The continuation of current policies are under question in key emerging markets.
A pretty horrific inflation print for June sent the Turkish lira plummeting this morning (down 136 bps as of 10:10 a.m. ET, according to Bloomberg LP). Headline inflation surged to 15.39% year over year and core to 14.60% (see chart below), exceeding expectations by a wide margin. Inflation is now back to the levels last seen in 2003, making a big dent in the central bank's credibility. Meanwhile, moderating domestic activity suggests that the government's stimulus might be extended - and this would mean more inflation pressures down the road.
The Chinese yuan's movements remain firmly in focus following what looked like the central bank's verbal intervention and the currency's subsequent recovery (up 33 bps as of 10:10 a.m. ET, according to Bloomberg LP). An important question is whether the yuan's weakness will affect some key aspects of the government's policy framework, including deleveraging. The latter encouraged more external borrowing, causing a sharp rebound in the "other investments" items of the balance of payments (BOP), which comprises loans and trade credits (among other things). This BOP item is particularly sensitive to the exchange rate movements - and its potential reversal would leave China's overall BOP (and reserves!) in a weaker position. Today's headlines about the government focusing more on "structural deleveraging" sure look interesting against this background.
A nice 4th of July surprise from U.S. factory orders and the below-consensus retail sales in the Eurozone seem to agree with the narrative about the U.S.' relative outperformance in the less-synchronized world (growth-wise). U.S. factory orders rebounded more than expected in May (up 9.2% year on year), staying well above the multi-decade average and supporting market expectations of the Fed's rate hike in September (78.8% implied probability).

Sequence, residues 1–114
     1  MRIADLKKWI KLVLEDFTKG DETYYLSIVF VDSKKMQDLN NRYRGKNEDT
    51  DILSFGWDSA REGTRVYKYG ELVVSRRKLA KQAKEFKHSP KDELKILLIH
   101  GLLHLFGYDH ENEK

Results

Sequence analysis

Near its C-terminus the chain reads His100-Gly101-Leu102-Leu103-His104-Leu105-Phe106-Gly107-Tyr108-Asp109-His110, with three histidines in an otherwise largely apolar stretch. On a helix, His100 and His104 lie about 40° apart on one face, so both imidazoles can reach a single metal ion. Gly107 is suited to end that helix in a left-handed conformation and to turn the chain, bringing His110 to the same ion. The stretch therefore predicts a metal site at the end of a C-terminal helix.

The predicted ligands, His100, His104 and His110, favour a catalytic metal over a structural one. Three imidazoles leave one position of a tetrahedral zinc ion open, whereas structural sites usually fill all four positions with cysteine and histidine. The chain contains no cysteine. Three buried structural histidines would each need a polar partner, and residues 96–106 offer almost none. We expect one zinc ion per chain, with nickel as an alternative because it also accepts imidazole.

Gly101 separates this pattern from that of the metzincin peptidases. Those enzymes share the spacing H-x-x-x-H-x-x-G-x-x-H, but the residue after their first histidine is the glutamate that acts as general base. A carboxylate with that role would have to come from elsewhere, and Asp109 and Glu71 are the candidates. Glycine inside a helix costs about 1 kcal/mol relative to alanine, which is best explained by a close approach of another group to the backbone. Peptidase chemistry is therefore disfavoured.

Chart at a Glance
Source: Bloomberg LP
IMPORTANT DEFINITIONS & DISCLOSURES
PMI - Purchasing Managers' Index: economic indicators derived from monthly surveys of private sector companies; ISM - Institute for Supply Management PMI: ISM releases an index based on more than 400 purchasing and supply managers surveys; both in the manufacturing and non-manufacturing industries; CPI - Consumer Price Index: an index of the variation in prices paid by typical consumers for retail goods and other items; PPI - Producer Price Index: a family of indexes that measures the average change in selling prices received by domestic producers of goods and services over time; PCE inflation - Personal Consumption Expenditures Price Index: one measure of U.S. inflation, tracking the change in prices of goods and services purchased by consumers throughout the economy; MSCI - Morgan Stanley Capital International: an American provider of equity, fixed income, hedge fund stock market indexes, and equity portfolio analysis tools; VIX - CBOE Volatility Index: an index created by the Chicago Board Options Exchange (CBOE), which shows the market's expectation of 30-day volatility. It is constructed using the implied volatilities on S&P 500 index options.; GBI-EM - JP Morgan's Government Bond Index - Emerging Markets: comprehensive emerging market debt benchmarks that track local currency bonds issued by Emerging market governments.; EMBI - JP Morgan's Emerging Market Bond Index: JP Morgan's index of dollar-denominated sovereign bonds issued by a selection of emerging market countries; EMBIG - JP Morgan's Emerging Market Bond Index Global: tracks total returns for traded external debt instruments in emerging markets.
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